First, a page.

The good news is that because hard skills are learned, they can also be easily improved, upgraded and mastered. Some people may return to school to further their education, take night classes or online courses, self-study by reading books or working as an understudy / apprentice. In many professions it is the hard skills that are the basic minimum necessity to operate in a particular workplace.
What about Soft Skills?
Soft skills are about behavior. These skills are subjective and not easily measured. Soft skills (or the lack of) create feelings, produce reactions, build relationships, deal with conflict and solve problems. They are not tangible. Often this term is swapped with phrases such as ‘people skills’, ‘interpersonal skills’, ‘social skills’ and ‘transferable skills’ – in other words, skills that characterize how one relates to others when approaching life and work.
Soft skills, and the subset social graces, are vital to businesses where customer care, personal attention and face-to-face human interaction are central to the business model. It is the soft skills that ultimately determine how successful can, will become in their chosen career.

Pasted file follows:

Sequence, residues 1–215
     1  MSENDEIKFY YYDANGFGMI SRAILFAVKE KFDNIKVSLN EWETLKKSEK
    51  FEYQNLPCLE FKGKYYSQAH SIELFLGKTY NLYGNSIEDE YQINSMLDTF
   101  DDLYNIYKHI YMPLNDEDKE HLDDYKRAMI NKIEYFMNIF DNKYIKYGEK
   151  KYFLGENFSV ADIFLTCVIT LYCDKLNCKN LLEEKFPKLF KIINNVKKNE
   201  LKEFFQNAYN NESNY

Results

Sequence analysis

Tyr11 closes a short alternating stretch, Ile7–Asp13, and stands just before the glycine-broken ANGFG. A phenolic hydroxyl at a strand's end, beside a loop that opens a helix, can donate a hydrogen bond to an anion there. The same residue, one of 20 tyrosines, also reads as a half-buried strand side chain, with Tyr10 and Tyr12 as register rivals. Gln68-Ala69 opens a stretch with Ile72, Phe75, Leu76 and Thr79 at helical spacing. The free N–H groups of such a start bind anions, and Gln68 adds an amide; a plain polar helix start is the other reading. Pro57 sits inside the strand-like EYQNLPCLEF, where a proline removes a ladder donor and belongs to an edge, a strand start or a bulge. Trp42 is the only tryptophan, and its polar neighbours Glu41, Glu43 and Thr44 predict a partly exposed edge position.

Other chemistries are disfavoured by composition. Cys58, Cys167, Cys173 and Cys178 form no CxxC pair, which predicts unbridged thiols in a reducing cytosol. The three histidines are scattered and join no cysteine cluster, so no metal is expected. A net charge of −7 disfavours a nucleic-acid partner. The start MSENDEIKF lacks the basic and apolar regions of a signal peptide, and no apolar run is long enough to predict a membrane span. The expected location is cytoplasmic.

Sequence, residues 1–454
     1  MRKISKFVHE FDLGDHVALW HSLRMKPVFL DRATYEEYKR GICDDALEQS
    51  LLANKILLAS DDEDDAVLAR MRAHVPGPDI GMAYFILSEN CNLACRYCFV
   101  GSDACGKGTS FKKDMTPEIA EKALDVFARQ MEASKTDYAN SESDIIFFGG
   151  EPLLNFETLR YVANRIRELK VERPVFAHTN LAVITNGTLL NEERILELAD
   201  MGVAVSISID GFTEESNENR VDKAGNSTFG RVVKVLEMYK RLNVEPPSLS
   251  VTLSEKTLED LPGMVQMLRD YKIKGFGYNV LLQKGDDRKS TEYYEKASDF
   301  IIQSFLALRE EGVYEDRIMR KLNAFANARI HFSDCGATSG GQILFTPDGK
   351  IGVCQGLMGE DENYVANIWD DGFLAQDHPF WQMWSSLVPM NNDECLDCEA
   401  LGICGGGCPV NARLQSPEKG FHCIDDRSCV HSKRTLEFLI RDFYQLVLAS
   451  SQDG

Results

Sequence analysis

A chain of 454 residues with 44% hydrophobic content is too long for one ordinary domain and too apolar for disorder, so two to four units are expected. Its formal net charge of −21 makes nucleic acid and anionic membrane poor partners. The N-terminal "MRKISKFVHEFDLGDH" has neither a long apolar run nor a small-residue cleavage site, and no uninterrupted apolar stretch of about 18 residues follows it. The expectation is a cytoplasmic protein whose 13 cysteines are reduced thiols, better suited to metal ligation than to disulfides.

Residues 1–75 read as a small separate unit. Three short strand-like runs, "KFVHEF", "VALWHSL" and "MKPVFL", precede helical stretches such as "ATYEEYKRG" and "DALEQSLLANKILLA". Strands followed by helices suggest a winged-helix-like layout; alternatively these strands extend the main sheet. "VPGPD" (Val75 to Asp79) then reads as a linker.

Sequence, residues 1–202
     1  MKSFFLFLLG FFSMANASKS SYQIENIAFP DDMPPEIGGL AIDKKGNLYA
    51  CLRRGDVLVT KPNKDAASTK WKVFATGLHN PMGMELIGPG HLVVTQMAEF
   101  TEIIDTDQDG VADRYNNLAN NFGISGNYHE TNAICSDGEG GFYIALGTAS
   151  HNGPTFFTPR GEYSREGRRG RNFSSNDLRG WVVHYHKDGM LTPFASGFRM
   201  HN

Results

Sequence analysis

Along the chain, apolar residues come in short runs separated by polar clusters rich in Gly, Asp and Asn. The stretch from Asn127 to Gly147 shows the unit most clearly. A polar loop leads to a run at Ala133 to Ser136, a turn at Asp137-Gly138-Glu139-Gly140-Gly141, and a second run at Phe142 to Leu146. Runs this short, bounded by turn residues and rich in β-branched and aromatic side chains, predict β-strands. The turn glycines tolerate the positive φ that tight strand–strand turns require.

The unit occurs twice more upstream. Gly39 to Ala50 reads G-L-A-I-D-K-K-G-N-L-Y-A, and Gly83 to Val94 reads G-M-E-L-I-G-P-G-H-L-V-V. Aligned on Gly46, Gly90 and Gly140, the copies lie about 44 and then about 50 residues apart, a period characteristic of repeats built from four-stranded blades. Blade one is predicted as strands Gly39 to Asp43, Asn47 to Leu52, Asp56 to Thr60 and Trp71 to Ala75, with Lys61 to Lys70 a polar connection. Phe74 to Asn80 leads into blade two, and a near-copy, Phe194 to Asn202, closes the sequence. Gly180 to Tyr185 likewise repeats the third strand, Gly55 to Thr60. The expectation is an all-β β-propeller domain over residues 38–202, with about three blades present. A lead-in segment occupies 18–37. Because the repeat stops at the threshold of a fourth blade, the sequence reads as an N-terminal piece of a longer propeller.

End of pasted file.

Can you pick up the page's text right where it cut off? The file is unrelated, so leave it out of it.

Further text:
Soft skills are actually much more important than most people realize. In many organizations today, managers are prioritizing soft skills and placing them on a higher level than other job-related competencies. In particular, the smaller the organization, the more impact social skills have on the bottom line of the business.
What makes soft skills so valuable?
Soft skills are broader, and arguably, much more critical in both life and business than hard skills. If one was to spend a couple of days in any organization, it is fairly easy to identify which employees are in short supply of communication and people skills. Studies have shown that minimal or inadequate soft skills are at the root of many issues in a business. When deficient, soft skills are what prevents or compromises an organization’s ability to successfully create positive attitudes in the interactions with clients, customers, colleagues, supervisors, vendors and other stakeholders.